Text by Jayson Ibañez; Illustrations by Cheno de Guzman
Come October of each year, revelers from all over explore the uplands to attend the colorful and vibrant Indigenous festivals. But up in the mountains of Mindanao, some Philippine eagle couples take the crisp blue skies and their spacious nests as staging areas for their seasonal courtship performances.
An integral part of eagle pre-breeding rituals, romantic flights and nest-based courting mark the start of eagle reproduction on the island.
We at the Philippine Eagle Foundation (PEF), a conservation NGO based in Davao City, have documented the breeding and nesting behavior of eagles on Mindanao for years. Research showed that our country's feathered national symbol, like humans, have their romantic side, too.
In order of increasing intimacy, below are the ten courtship moves by our country's top forest predator.
Philippine eagle couple in mutual soaring and dive chase. Illustrated by Cheno de Guzman
1. Mutual soaring
Without flapping their wings, the couple rides the rising columns of hot air (thermals) together. They glide and soar above the nest site until they reach the clouds.
2. Dive chase
With wings folded close to the body, the female eagle drops from great heights and plunges at high speed towards the forest below. Doing a similar dive, the male eagle chases the female.
Talon presentation or grappling of a Philippine eagle couple. Illustrated by Cheno de Guzman
3. Talon presentation or grappling
At the end of a dive chase, the male catches up and extends its legs and talons towards the female. The female then turns its body to face the male in pursuit and stretches its legs and claws towards her mate. In some instances, the birds grab talons in mid-air and spiral down until they lose altitude and release grip.
Male Philippine eagle delivers branches and twigs to the nest. Illustrated by Cheno de Guzman
4. Sprig collection and delivery
The male eagle gathers fresh branches and twigs and flies them to the nest. But apart from re-building the nest, collection and transfer of greeneries in full view of the female is also a strong visual cue of the male's readiness to mate and raise a chick with the female.
Nest building stimulates the female Philippine eagle. Illustrated by Cheno de Guzman
5. Nest building
Depositing and fixing greeneries provides a lining of soft cushion on the nest bowl but seeing the male nest-building also excites the female. If she joins in, it means she is warming up to his sexual advances.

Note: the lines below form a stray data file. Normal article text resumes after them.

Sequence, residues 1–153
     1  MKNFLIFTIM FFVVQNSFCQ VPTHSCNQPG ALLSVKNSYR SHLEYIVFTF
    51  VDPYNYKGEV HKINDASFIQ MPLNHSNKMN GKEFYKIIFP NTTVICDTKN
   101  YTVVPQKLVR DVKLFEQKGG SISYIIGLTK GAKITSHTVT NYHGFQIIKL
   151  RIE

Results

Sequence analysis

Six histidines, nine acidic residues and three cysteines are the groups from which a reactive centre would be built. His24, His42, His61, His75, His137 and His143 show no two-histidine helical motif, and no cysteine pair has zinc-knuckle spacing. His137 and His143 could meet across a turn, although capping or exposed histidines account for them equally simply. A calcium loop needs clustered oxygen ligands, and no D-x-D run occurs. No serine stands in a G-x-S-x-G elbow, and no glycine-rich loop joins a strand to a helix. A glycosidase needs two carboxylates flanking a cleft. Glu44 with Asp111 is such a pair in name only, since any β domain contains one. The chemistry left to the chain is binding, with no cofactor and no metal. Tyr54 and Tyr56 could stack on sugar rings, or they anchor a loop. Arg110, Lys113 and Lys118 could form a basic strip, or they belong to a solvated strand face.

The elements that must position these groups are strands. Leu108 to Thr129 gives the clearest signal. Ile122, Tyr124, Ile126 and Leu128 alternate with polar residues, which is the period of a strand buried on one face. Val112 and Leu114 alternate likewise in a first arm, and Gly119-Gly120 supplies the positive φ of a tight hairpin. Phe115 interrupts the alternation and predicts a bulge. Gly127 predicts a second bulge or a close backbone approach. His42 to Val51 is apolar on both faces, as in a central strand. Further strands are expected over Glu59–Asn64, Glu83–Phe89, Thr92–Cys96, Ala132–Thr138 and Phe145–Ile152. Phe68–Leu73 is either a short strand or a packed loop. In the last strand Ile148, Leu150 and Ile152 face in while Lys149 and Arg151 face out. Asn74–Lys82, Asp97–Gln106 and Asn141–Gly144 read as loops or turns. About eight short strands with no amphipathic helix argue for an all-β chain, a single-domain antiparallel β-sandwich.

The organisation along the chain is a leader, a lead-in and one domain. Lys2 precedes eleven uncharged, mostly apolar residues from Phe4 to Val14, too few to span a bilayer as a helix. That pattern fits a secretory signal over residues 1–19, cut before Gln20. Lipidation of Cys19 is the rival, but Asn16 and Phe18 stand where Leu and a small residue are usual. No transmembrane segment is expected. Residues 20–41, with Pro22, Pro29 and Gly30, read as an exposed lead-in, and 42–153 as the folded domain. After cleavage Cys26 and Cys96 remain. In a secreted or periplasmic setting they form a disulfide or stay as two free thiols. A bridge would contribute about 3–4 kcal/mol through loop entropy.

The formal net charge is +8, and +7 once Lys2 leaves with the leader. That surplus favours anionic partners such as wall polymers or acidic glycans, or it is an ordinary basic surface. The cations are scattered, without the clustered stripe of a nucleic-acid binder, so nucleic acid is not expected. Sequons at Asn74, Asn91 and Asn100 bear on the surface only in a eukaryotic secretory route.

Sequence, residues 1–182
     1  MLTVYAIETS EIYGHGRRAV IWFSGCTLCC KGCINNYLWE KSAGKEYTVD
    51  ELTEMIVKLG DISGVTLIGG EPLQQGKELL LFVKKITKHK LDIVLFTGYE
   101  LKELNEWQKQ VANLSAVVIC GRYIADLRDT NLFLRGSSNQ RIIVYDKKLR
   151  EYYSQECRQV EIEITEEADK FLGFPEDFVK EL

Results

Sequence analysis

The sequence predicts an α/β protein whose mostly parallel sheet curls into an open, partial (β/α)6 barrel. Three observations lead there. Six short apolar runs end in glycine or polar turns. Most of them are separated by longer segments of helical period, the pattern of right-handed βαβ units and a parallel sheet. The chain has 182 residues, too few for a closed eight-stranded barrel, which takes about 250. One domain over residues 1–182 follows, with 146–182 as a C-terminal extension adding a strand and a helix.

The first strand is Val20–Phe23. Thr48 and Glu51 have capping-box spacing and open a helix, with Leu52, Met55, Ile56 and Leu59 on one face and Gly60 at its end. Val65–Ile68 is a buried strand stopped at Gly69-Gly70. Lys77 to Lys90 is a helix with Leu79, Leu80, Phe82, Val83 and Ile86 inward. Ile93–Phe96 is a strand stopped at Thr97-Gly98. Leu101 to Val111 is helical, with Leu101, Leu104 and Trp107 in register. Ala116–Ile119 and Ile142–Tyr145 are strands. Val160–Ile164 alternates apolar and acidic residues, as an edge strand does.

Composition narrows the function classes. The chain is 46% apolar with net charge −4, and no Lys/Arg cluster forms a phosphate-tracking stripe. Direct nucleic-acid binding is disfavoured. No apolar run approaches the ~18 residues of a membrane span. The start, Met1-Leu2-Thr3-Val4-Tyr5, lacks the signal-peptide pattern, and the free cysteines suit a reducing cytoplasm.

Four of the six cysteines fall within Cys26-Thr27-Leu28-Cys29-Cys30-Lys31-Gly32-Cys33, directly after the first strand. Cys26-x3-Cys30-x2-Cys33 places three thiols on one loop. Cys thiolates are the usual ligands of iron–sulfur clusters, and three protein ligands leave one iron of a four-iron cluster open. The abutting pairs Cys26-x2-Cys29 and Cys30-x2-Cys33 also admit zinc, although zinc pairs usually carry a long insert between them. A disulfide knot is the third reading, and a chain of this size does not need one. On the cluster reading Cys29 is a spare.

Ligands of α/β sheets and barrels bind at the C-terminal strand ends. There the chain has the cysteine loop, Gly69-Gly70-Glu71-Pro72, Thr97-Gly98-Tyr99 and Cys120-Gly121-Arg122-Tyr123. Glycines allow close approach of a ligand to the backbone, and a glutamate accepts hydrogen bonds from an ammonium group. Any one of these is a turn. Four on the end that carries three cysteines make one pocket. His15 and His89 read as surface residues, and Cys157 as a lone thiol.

Billing is the Philippine eagle's way of reciprocating intimacy, it is somewhat allegorical to the human act of kissing.
Illustrated by Cheno de Guzman
An apparent display of reciprocal intimacy, the touching of the beaks while on the nest helps renew the pair's romantic bonds.
When eagles clean up or groom themselves, it is called preening. As part of their breeding and courtship, they may sometimes groom their partner Philippine eagle. Illustrated by Cheno de Guzman
The male run his beak along the female's wing feathers several times to groom her, which the female reciprocates.
Philippine eagles ensure that their partner who stays in the nest is always fed. Illustrated by Cheno de Guzman
8. Courtship feeding - the male delivers fresh prey to the female which she consumes. Frequent food transfers allow the female to store the extra fat she would need to burn while sitting on the egg, and the chick once its hatched. But repeated food rations also signals male fitness, and that adequate food will be delivered while the female focuses on her incubation and chick rearing duties.
Philippine eagles emitting mating vocals in chorus. Illustrated by Cheno de Guzman
Loud and audible call exchanges that intensify prior to mating (sex-solicitation vocals).
Philippine eagle copulation takes only a few seconds but happens several times in a day. Illustrated by Cheno de Guzman
Successful rituals eventually lead to the male mounting the female to copulate. Although eagle sex lasts only seconds, it happens several times a day and may occur even after an egg is laid.
Because they do it more than what seems to be necessary to fertilize an egg, experts think the extras is a pleasurable reward to a diligent male. This, in turn, motivates the male to remain loyal to his female and faithfully hunt and deliver food to her while she is confined to the nest.
ABOUT THE CONTRIBUTORS
Dr. Jayson C. Ibañez is currently the Director of Research and Conservation at the Philippine Eagle Foundation.
John Cheno G. de Guzman is a registered architect with a passion for artistic expression, utilizing various mediums like graphite, charcoal, watercolor, acrylic, and digital art to merge architecture with illustration. He has a history of winning awards, including first place at the On-the-spot manual rendering competition during National Architecture Week 2018 and second place at Defining Spaces 2019, showcasing his talent and dedication to illustration. Beyond his architectural work, he enjoys sketching and painting urban scenes, photography, and exploring diverse creative outlets.
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